An efficient resolution of the controversy can be obtained in either state. The circumstances leading to Edison's decision to invoke the force majeure provisions occurred at their plants in Illinois and Indiana but Decker's injury occurred in Montana. "A court sitting in the district where the injury occurred and where the evidence is located ordinarily will be the most efficient forum." Olsen by Sheldon, 729 F.2d at 650.
Montana offers the most convenient and effective forum to the plaintiff because Montana is where Decker suffered injury and disruption.
As to the existence of an alternate forum, Edison is clearly amenable to suit in Illinois and has already filed suit there but this factor cannot overcome the others which favor Montana jurisdiction.
In sum, the exercise of Montana jurisdiction is reasonable. We conclude that the district court properly exercised limited jurisdiction over Edison in Montana. Accordingly, we need not consider whether there was general jurisdiction over Edison.
Because the only basis for federal subject matter jurisdiction in this case is diversity of citizenship, the applicable venue statute is 28 U.S.C. § 1391(a). It allows venue "only in the judicial district where all plaintiffs or all defendants reside, or in which the claim arose." We review venue determinations de novo as a question of law. Cf. Central Valley Typographical Union No. 46 v. McClatchy Newspapers, 762 F.2d 741, 745 (9th Cir. 1985). We hold that Montana venue is proper because Decker Coal is a resident of Montana and the claim arose there.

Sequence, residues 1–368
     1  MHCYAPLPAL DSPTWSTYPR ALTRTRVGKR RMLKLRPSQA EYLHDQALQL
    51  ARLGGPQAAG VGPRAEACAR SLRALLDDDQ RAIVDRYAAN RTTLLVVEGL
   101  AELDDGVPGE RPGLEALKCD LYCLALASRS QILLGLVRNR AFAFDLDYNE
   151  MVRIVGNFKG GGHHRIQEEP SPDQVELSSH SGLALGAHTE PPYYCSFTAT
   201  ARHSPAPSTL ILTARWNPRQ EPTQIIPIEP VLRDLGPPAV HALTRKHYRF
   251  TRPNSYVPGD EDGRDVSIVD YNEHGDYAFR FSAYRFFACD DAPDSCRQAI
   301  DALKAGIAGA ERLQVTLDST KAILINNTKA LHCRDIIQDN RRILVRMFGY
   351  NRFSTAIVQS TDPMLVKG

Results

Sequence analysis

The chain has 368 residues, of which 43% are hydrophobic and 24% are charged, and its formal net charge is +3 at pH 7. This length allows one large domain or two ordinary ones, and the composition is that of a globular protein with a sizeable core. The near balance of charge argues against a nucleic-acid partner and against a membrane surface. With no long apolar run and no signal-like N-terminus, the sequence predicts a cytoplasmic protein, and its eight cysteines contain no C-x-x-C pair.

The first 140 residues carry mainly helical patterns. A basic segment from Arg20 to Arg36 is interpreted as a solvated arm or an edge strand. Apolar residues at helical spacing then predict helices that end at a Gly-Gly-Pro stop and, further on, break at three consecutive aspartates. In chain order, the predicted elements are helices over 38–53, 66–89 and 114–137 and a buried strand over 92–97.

Residence for purpose of venue can be the residence of the partnership entity rather than exclusively that of its individual members. Denver & Rio Grande Western Railroad v. Brotherhood of Railroad Trainmen, 387 U.S. 556, 559-60, 87 S. Ct. 1746, 1748, 18 L. Ed. 2d 954 (1967) (the residence of an unincorporated association for purposes of 28 U.S.C. § 1391(b) is the residence of the association itself). Courts have analogized partnerships and associations to corporations in making venue determinations. See id. at 562, 87 S. Ct. at 1750; Varsic v. U.S. District Court for the Central District of California, 607 F.2d 245, 248 (9th Cir. 1979) (quoting Braun v. Berenson, 432 F.2d 538, 544 (5th Cir. 1970), which, in construing the federal antitrust venue provision, 15 U.S.C. § 15, analogized an unincorporated association to a corporation). Where a corporation engages in only one business activity, substantially all of whose operations occur in one state, the state of operations is the corporation's principal place of business even if policy and administrative decisions are made elsewhere. Bialac v. Harsh Building Co., 463 F.2d 1185, 1186 (9th Cir.), cert. denied, 409 U.S. 1060, 93 S. Ct. 558, 34 L. Ed. 2d 512 (1972).